E-contracts are software generated and almost all the time, are drafted along the same lines of a tangible contract. Such contracts are also given additional validity(after the Indian Contract Act ) under the Information Technology Act, 2000, Sections 11, 12 & 13. There are, broadly speaking, three types of e-contracts :
- Shrink Wrap Agreements- These are the terms and conditions stipulated, in the form of a license, when you install a software in your computer, called the EULA, or end user license agreement- that one part of installing a software we never pay heed to or barely read a few lines. Without accepting the terms of the EULA, we cannot install the software.
- Click Wrap Agreements- These are the terms and conditions we give our assent to prior to buying a product from the virtual market place such as Flipkart. We give our assent by clicking on the ‘I Agree’ button, without which we cannot buy the product. Almost all of the time we can read the terms and conditions (usually hyperlinked) that we give our assent to.
- Browse Wrap Agreements – Sometimes, upon entering a website, we are required to agree to certain terms and conditions and only then are we allowed to enter the website. For example, Law firms are forbidden from advertising their areas of practice in a website. Therefore, websites of such law firms usually ask users to agree that they haven’t advertised any such areas and only then let the user enter. Such agreements are called browse wrap agreements.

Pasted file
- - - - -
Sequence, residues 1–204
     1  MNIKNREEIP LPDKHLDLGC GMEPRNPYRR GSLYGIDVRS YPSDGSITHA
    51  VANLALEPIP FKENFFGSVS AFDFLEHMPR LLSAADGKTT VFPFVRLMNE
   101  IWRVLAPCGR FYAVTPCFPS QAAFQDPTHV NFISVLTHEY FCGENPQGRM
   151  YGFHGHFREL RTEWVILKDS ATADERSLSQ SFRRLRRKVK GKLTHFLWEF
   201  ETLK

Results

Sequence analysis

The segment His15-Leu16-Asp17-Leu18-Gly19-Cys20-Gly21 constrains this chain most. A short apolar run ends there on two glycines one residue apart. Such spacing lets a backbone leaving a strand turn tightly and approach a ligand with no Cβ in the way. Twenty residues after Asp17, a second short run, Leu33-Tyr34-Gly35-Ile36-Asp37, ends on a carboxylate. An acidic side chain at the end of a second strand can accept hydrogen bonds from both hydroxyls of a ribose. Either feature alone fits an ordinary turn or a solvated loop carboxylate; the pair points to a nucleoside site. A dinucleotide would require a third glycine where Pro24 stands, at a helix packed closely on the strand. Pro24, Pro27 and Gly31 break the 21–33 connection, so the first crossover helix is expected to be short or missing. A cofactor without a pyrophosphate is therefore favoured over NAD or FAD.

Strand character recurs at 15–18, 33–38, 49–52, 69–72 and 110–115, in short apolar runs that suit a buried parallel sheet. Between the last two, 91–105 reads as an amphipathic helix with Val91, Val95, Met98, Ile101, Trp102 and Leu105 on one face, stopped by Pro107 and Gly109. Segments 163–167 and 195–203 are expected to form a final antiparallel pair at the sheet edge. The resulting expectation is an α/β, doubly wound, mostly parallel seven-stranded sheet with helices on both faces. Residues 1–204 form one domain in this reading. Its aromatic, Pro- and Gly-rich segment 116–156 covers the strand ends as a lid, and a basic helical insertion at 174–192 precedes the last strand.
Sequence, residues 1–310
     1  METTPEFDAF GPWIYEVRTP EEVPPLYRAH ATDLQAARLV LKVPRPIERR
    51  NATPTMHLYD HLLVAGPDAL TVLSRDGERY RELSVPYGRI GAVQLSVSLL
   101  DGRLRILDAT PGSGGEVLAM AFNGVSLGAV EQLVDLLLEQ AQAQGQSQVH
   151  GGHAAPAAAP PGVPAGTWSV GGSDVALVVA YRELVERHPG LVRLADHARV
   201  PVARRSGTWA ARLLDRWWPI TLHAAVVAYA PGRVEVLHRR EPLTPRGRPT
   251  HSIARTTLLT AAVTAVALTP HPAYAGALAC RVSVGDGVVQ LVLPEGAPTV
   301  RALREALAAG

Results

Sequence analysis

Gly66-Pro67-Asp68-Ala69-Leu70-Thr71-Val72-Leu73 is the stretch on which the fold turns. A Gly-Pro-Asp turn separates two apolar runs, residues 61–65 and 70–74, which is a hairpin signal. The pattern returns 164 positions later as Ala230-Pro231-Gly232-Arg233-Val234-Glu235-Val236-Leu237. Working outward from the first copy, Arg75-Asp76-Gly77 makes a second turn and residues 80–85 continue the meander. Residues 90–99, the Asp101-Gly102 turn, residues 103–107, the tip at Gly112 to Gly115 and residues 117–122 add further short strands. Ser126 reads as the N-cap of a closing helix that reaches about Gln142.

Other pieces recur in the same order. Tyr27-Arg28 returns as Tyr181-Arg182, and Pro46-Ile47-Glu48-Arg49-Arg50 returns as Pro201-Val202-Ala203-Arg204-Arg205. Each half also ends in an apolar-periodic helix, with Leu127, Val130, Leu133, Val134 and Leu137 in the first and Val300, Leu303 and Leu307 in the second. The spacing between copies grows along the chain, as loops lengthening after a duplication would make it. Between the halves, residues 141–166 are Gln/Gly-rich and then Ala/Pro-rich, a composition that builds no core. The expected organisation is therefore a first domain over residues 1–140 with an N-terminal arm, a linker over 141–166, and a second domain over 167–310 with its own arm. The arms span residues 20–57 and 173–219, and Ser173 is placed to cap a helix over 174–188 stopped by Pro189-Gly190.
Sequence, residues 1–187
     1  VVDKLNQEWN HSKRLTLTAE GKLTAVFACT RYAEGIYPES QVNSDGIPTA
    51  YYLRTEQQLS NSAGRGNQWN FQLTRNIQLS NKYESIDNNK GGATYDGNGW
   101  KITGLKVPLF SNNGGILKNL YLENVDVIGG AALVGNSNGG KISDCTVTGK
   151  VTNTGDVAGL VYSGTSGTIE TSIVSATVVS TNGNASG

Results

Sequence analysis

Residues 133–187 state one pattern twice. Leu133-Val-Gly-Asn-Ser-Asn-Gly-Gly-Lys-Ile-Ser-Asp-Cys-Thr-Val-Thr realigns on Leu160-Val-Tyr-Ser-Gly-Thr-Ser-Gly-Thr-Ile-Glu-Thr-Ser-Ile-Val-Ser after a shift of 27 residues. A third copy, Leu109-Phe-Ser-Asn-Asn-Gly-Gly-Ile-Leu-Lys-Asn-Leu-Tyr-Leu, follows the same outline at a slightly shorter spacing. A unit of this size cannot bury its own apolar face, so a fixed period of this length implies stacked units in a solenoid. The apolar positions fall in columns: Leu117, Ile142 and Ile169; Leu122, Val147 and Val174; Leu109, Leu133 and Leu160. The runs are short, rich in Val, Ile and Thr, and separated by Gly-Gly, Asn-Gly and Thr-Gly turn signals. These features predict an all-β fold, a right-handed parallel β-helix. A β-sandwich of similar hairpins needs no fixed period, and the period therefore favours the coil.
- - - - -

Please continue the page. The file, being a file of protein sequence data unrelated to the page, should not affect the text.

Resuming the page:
There is another form of e-contract which requires the parties to give their assent by signing the contract. This can be done by scanning a signature and then attaching it on the contract but is not a reliable method. Someone can easily photoshop a signature and put it on a contract resulting in fraud and forgery. A more reliable method is obtaining a digital signature which is an encrypted form of a signature and very difficult to forge. There are numerous softwares which create digital signatures but the most genuine one is Adobe Acrobat Reader which has an 8 bit encryption hard to crack. After obtaining such a signature, one can simply attach it onto the contract and thereby give his or her assent.
E-contracts, although valid as part of a general contract under Indian Contract Act, 1872, as well as IT Act 2000, lacks specific legislation and strong judicial precedent. There is a lot of scope for miscarriage of justice in this area. Having said so, e-contract is the way forward in a world which is now connected is such magnified multitudes yet with such precise intricacies. Not a single day can be thought of when we have not used e-contract; such is its vastness. The time is now ripe for a rigid legislation in this field for its inevitable regulation